Operations at Gwadar port were officially handed over to China Overseas Holdings Limited from Singapore's PSA International on Monday. Since the port was put into operation in 2007 with the help of China, it has received special attention from the international community, particularly India.
Gwadar port is located in Pakistan's Balochistan Province. As it's close to the Strait of Hormuz and Pakistan's border with Iran, it is considered strategically important. The West believes that the port is the starting point of an energy corridor that will connect China to the Arabian Sea and the Strait of Hormuz and also a strategic branch for China to influence the situation in the Persian Gulf. Some even see it is part of a Chinese "string of pearls" strategy aimed at encircling India.
Behind these analyses are worries and reservations over China's rise. Energy security plays a fundamental role in this rise. The West is alert to any overseas move by China related to energy.
Any port has potential military value. There are growing suspicions that China will station fleets of warships in the Indian Ocean or other waters and establish naval bases worldwide. However, few Chinese support this. There are no benefits for China in encircling India, and strategists in both countries don't want to play such a game.
Some predict China's rise will have a greater influence on the global power structure. But so far, China has restrained itself in terms of geopolitical competition. China's low-key culture hasn't changed with the growth in its strength. China's global exploration is mainly aimed at seeking economic opportunities. One of the basic principles is to realize mutual benefit with its partners.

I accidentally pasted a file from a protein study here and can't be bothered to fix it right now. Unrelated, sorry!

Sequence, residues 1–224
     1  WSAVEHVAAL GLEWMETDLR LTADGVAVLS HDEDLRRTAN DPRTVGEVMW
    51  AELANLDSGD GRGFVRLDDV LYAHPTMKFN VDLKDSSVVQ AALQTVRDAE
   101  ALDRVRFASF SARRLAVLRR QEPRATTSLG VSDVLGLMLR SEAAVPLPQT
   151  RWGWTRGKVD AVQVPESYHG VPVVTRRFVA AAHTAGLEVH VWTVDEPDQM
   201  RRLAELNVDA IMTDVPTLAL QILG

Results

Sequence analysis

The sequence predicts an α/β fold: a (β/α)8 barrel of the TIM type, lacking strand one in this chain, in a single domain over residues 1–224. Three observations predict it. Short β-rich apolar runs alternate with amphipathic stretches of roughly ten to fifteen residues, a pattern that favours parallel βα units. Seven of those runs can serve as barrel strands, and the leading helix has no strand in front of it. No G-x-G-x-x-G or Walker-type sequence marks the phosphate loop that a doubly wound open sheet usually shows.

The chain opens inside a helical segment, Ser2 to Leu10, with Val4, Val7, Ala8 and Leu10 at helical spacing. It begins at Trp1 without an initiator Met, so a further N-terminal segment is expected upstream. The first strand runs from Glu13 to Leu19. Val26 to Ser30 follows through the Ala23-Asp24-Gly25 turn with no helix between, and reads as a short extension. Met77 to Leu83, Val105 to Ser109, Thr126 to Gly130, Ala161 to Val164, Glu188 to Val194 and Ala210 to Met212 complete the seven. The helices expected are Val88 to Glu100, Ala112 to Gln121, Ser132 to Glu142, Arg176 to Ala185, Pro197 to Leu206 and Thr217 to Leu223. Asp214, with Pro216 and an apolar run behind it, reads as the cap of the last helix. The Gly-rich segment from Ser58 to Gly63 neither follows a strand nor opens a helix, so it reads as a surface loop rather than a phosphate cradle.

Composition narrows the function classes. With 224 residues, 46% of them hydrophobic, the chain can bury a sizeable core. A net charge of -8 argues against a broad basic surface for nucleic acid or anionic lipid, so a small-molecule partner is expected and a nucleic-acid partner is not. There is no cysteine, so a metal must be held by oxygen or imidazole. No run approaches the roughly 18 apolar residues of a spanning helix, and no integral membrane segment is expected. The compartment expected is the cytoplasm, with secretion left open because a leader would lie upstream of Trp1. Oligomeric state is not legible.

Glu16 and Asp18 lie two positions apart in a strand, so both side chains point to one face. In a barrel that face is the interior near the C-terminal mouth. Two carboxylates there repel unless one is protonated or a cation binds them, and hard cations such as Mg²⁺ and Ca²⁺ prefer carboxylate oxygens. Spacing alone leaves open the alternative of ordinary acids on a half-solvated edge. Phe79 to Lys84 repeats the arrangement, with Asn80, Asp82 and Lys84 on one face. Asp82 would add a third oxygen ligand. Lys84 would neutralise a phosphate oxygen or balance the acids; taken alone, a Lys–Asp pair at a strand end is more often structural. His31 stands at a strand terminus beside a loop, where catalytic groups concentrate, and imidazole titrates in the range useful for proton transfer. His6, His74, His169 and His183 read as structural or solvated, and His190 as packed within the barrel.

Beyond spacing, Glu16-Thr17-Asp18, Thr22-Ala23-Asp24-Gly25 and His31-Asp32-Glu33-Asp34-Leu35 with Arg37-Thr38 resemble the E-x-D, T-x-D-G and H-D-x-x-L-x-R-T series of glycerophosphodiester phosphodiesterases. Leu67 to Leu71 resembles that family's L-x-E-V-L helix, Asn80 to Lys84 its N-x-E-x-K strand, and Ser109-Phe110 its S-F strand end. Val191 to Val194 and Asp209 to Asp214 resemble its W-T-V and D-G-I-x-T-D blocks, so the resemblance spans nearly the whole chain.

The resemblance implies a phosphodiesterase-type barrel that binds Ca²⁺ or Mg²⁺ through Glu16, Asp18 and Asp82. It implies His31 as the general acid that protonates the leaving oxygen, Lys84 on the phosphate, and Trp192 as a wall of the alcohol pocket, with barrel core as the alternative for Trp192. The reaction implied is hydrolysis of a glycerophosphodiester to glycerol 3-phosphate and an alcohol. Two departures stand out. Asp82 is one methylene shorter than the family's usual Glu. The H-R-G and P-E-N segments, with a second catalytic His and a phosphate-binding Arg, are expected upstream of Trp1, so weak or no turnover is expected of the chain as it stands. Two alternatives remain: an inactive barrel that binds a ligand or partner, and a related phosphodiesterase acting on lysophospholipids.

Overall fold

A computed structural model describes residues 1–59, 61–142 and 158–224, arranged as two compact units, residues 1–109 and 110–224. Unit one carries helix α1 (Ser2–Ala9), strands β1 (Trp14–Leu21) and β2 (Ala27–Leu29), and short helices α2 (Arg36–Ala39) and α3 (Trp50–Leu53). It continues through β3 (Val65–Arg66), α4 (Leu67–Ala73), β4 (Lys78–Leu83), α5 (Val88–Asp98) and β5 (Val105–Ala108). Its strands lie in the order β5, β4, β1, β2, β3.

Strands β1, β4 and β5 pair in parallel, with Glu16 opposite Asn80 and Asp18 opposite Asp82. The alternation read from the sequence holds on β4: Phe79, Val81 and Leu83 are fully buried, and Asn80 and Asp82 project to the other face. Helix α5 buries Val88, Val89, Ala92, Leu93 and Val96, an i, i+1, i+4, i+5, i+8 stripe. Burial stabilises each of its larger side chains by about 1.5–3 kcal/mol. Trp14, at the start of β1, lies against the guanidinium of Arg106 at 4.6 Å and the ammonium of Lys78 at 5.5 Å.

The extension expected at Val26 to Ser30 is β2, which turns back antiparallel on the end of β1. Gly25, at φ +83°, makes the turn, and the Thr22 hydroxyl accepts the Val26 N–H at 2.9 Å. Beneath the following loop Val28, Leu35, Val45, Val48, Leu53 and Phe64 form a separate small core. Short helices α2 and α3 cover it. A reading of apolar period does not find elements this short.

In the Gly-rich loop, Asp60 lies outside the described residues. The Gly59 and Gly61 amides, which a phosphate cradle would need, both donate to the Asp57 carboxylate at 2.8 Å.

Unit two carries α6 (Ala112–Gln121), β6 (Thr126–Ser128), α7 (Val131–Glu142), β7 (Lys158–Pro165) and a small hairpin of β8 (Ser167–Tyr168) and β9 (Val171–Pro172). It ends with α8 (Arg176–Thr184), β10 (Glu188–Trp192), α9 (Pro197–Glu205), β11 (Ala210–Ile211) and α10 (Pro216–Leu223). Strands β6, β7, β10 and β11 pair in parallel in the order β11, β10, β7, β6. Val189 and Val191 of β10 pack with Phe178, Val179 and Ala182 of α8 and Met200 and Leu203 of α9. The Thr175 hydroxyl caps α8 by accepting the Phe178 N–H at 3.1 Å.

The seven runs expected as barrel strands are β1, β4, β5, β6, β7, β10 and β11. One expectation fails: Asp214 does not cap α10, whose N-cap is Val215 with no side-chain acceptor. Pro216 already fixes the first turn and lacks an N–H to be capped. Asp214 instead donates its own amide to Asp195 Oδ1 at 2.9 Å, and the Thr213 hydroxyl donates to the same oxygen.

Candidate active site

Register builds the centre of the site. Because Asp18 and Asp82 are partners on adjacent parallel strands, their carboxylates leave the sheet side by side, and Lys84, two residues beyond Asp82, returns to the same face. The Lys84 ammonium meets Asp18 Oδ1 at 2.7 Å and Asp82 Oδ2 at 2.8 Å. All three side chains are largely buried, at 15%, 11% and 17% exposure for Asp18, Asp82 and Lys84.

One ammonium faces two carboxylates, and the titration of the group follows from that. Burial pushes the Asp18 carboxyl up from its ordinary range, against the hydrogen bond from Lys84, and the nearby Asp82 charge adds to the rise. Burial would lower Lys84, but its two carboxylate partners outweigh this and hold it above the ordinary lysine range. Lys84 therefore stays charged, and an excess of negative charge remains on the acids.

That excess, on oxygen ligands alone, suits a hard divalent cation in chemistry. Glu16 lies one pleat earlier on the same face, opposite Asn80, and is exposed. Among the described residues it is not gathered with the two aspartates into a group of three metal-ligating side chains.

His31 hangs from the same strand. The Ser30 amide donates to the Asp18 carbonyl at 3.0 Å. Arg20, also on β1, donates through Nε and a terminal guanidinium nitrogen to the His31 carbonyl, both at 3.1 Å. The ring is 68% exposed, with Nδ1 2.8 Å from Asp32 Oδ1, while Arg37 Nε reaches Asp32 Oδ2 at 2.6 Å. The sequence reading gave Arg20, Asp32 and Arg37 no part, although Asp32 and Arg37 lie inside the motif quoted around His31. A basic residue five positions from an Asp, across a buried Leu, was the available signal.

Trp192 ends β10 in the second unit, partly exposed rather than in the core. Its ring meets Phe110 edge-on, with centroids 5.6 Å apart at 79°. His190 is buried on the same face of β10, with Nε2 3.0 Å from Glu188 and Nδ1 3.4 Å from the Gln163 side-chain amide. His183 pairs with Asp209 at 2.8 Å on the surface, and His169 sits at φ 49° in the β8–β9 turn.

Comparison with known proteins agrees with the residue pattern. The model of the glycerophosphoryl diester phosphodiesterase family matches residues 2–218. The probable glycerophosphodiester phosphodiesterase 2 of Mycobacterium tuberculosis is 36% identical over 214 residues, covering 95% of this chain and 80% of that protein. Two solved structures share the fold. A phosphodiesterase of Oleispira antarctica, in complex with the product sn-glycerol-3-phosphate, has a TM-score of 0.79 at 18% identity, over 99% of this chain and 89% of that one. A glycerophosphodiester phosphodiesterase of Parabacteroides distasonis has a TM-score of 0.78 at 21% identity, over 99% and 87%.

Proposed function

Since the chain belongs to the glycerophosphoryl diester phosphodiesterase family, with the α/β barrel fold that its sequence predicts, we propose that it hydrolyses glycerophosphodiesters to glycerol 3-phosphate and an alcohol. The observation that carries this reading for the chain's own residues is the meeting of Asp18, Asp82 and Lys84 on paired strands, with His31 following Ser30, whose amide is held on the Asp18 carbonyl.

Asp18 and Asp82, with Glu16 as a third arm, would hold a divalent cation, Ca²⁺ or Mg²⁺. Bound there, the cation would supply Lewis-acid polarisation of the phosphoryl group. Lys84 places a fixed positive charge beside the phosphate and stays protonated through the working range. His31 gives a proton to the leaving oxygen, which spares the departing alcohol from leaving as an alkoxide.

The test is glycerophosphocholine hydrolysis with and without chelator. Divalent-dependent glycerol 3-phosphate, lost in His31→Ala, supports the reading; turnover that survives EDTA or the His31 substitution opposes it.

Enclosing and colonizing land overseas and expanding powers are all strange concepts to Chinese. Chinese merchant ships can be seen all over the world nowadays, but we have no interest in "pirate civilization." China alone cannot convince the outside world, but regional prosperity promoted by China's operations at Gwadar port in the future will be strong evidence of this.
It's foreseeable many forces will use the Gwadar issue to accuse China of being aggressive. The outside world has long had worries over China's rise, but various "China Threat" accusations actually bring less real harm to China than expected.
As long as China's overseas investment activities come out of a need for development, we can find ways to reduce outside suspicions and avoid destructive results.
China's development needs Gwadar port and Pakistan needs China to develop. We should do our best to reduce the suspicions of other powers. But if they insist on doubting China despite its restraint, it's no fault of China's.